Transport Layer Security (TLS) – which is now deprecated by the Internet Engineering Task Force (IETF) – are cryptographic protocols that provide communications security over a computer network. Several versions of the protocols find widespread use in applications such as web browsing, email, instant messaging, and voice over IP (VoIP). Websites can use TLS to secure all communications between their servers and web browsers.
Since applications can communicate either with or without TLS (or SSL), it is necessary for the client to indicate to the server the setup of a TLS connection. One of the primary ways of achieving this is to use a different port number for TLS connections, for example, port 443 for HTTPS. Another mechanism is for the client to make a protocol-specific request to the server to switch the connection to TLS; for instance, by creating a STARTTLS request when using the mail and news protocols. Once the client and server have agreed to use TLS, they negotiate a stateful connection by using a handshaking procedure. The protocols use a handshake with an asymmetric cipher to establish not only cipher settings but also a session-specific shared key with which further communication is encrypted using a symmetric cipher. During this handshake, the client and server agree on various parameters used to establish the connection’s security:
TLS 1.0 outdated version This version is vulnerable to many implementations and it fails to shield against attacks such as BEAST and POODLE.This version of TLS can be easily breached by the attackers. TLS 1.0 was first defined in RFC 2246 in January 1999 as an upgrade of SSL Version 3.0 and written by Christopher Allen and Tim Dierks of Consensus Development. As stated in the RFC, “the differences between this protocol and SSL 3.0 are not dramatic, but they are significant enough to preclude interoperability between TLS 1.0 and SSL 3.0”. TLS 1.0 does include a means by which a TLS implementation can downgrade the connection to SSL 3.0, thus weakening security.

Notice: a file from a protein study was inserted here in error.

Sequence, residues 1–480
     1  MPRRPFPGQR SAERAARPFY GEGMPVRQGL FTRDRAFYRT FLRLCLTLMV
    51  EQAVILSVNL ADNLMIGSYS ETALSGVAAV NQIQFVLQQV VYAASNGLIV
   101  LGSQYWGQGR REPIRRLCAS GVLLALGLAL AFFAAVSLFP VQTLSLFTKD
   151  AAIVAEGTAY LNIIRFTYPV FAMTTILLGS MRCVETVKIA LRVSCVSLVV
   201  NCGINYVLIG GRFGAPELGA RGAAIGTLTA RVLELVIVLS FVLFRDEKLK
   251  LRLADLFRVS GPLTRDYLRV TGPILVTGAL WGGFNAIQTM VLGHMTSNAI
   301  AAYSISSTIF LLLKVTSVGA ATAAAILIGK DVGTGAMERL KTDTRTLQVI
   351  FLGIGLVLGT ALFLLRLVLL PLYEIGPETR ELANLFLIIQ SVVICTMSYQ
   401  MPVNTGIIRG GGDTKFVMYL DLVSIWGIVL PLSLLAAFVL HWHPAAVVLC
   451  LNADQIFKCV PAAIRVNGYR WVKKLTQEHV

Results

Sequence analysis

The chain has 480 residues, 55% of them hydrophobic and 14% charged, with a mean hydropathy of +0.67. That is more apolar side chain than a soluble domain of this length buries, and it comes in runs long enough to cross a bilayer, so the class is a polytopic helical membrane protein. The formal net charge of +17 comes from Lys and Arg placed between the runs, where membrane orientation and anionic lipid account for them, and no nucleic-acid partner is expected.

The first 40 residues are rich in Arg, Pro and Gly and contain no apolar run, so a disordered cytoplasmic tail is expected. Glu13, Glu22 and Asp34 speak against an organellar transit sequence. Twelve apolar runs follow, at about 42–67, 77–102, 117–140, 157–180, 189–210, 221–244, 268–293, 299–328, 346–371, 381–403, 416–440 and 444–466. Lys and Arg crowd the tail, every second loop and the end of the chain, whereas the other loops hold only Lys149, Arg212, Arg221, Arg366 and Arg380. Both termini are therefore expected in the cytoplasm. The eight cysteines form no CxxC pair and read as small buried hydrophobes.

The PCI Council suggests that organisations migrate from TLS 1.0 to TLS 1.1 or higher before June 30, 2018
TLS 1.1 outdated version.The pseudo random function in TLS is based on a combination on a MD5 and SHA-1.The attacker can easily break these function and in return can cause severe damage to the server. TLS 1.1 was defined in RFC 4346 in April 2006 It is an update from TLS version 1.0. Significant differences in this version include:
LS 1.2 was defined in RFC 5246 in August 2008. It is based on the earlier TLS 1.1 specification. Major differences include:
The MD5-SHA-1 combination in the pseudorandom function (PRF) was replaced with SHA-256, with an option to use cipher suite specified PRFs. The MD5-SHA-1 combination in the finished message hash was replaced with SHA-256, with an option to use cipher suite specific hash algorithms. However, the size of the mixture in the completed message must still be at least 96 bits. The MD5-SHA-1 combination in the digitally signed element was replaced with a single hash negotiated during handshake, which defaults to SHA-1. Enhancement in the client’s and server’s ability to specify which hashes and signature algorithms they accept. Expansion of support for authenticated encryption ciphers, used mainly for Galois/Counter Mode (GCM) and CCM mode of Advanced Encryption Standard (AES) encryption. TLS Extensions definition and AES cipher suites were added. All TLS versions were further refined in RFC 6176 in March 2011, removing their backward compatibility with SSL such that TLS sessions never negotiate the use of Secure Sockets Layer (SSL) version 2.0.
As of 21 March 2018, TLS 1.3 is an Internet Draft proposed to Internet Standard It is based on the earlier TLS 1.2 specification. Major differences from TLS 1.2 include:
The vulnerability include